A retrograde signal is involved in activity-dependent remodeling at a C. elegans neuromuscular junction

Hongjuan Zhao, And Michael L. Nonet

Research output: Contribution to journalArticlepeer-review

48 Scopus citations

Abstract

We have characterized how perturbations of normal synaptic activity influence the morphology of cholinergic SAB motor neurons that innervate head muscle in C. elegans. Mutations disrupting components of the presynaptic release apparatus, acetylcholine (ACh) synthesis or ACh loading into synaptic vesicles each induced sprouting of SAB axonal processes. These sprouts usually arose in the middle of the normal innervation zone and terminated with a single presynaptic varicosity. Sprouting SAB neurons with a similar morphology were also observed upon reducing activity in muscle, either by using mutants lacking a functional nicotinic ACh receptor subunit or through muscle-specific expression of a gain-of-function potassium channel. Analysis of temperature-sensitive mutants in the choline acetyltransferase gene revealed that the sprouting response to inactivity was developmentally regulated; reduction of synaptic activity in early larval stages, but not in late larval stages, induced both sprouting and addition of varicosities. Our results indicate that activity levels regulate the structure of certain synaptic connections between nerve and muscle in C. elegans. One component of this regulatory machinery is a retrograde signal from the postsynaptic cell that mediates the formation of synaptic connections.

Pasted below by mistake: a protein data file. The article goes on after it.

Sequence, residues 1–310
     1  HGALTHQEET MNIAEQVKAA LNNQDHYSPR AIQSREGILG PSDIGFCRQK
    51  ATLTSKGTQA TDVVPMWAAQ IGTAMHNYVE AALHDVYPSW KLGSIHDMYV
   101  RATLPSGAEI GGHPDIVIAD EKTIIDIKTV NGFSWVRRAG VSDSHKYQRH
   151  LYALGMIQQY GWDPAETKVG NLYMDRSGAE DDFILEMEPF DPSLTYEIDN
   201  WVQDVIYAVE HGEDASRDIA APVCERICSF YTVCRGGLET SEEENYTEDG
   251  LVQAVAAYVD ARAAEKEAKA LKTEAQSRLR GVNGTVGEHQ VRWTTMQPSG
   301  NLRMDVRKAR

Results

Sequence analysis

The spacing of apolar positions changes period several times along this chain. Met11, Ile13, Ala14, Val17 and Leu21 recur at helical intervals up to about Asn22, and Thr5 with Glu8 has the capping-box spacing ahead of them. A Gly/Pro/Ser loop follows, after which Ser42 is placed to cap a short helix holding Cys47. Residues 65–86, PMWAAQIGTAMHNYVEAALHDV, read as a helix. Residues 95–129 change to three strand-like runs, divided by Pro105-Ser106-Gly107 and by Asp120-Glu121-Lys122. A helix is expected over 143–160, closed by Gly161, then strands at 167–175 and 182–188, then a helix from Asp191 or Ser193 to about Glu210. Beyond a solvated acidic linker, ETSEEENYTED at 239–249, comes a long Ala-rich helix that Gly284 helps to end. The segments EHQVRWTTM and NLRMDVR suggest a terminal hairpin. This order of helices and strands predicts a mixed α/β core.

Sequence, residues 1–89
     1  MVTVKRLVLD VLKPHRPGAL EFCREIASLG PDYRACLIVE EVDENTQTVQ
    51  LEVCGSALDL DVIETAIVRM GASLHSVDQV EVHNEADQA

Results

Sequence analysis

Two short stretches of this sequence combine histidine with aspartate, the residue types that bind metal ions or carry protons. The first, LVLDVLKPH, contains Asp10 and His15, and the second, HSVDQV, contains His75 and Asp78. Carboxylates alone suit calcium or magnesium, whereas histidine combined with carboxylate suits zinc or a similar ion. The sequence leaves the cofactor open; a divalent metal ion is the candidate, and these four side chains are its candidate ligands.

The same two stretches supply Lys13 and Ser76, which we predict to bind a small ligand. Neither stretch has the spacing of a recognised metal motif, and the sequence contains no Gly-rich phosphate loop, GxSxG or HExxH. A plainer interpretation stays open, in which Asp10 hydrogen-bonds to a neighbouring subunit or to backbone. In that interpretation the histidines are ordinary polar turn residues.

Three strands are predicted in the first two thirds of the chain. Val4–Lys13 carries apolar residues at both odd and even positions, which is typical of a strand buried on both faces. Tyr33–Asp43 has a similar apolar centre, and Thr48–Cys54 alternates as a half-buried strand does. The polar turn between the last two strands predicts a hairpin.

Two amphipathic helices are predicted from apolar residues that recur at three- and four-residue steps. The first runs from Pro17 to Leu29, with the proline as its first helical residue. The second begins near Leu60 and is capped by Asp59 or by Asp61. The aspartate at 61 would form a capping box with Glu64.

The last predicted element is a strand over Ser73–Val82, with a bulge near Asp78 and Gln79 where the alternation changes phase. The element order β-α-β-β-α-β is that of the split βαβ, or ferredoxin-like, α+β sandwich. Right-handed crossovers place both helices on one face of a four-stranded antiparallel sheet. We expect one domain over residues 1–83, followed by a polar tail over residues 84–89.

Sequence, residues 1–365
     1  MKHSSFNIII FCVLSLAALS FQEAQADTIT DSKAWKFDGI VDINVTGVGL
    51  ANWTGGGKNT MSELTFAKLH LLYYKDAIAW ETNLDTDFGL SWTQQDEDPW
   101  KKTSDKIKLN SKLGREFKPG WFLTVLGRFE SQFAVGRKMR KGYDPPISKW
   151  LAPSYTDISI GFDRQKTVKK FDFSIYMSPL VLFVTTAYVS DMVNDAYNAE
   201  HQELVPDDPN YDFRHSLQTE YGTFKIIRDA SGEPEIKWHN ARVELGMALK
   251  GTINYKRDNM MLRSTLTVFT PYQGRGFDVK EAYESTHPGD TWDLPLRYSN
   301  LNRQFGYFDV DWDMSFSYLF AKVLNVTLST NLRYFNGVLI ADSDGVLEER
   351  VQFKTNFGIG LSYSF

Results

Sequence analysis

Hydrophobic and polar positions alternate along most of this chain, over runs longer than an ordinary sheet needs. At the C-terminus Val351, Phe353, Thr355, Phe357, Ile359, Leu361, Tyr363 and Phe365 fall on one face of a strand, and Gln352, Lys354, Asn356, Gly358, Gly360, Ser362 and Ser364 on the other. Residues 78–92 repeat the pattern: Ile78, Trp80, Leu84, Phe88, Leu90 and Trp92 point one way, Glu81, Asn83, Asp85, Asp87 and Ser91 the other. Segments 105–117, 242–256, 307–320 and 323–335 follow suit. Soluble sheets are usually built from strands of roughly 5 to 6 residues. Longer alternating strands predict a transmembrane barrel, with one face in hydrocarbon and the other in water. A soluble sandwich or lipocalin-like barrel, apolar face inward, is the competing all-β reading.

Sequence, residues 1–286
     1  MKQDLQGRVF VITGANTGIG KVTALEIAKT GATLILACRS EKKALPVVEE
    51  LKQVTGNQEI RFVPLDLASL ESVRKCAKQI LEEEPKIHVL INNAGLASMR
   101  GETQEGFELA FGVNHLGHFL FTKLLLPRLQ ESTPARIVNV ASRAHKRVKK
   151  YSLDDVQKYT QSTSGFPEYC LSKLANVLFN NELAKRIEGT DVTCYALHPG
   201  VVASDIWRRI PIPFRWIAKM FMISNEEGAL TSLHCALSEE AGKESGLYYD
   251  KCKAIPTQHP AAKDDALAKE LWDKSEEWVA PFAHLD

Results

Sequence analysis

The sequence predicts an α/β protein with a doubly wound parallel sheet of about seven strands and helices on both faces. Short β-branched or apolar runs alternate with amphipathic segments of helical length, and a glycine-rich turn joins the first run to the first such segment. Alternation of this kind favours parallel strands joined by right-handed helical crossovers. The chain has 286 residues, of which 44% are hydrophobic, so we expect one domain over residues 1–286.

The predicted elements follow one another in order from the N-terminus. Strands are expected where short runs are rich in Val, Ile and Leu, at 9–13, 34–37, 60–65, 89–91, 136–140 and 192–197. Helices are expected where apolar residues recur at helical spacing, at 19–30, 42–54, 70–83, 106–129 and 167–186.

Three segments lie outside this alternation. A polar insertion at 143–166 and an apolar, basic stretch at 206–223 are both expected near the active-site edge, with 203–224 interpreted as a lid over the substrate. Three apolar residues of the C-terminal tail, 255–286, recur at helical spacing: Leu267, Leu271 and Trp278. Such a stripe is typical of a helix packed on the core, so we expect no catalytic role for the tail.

Original languageEnglish
Pages (from-to)1253-1266
Number of pages14
JournalDevelopment
Volume127
Issue number6
StatePublished - Mar 1 2000

Keywords

  • Activity
  • C. elegans
  • Neuromuscular junction
  • Retrograde signal
  • Synaptic plasticity
  • Synaptogenesis

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